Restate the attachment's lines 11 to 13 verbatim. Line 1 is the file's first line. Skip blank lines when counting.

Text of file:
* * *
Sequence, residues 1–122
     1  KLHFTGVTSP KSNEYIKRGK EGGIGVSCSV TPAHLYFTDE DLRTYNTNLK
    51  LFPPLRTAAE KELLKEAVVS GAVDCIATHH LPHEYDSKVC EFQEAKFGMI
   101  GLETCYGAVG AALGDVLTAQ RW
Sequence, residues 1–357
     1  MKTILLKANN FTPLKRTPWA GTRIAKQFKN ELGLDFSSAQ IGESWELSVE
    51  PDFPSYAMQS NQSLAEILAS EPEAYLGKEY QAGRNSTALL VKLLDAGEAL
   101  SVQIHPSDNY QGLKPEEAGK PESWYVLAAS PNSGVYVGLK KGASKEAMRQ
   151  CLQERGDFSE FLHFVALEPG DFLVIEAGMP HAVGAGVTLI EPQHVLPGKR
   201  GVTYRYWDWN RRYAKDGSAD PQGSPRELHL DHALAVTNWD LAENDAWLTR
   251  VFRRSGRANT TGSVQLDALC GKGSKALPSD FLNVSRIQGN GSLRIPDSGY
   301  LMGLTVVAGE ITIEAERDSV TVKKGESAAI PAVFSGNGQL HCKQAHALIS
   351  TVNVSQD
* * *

   251  VFRRSGRANT TGSVQLDALC GKGSKALPSD FLNVSRIQGN GSLRIPDSGY
   301  LMGLTVVAGE ITIEAERDSV TVKKGESAAI PAVFSGNGQL HCKQAHALIS
   351  TVNVSQD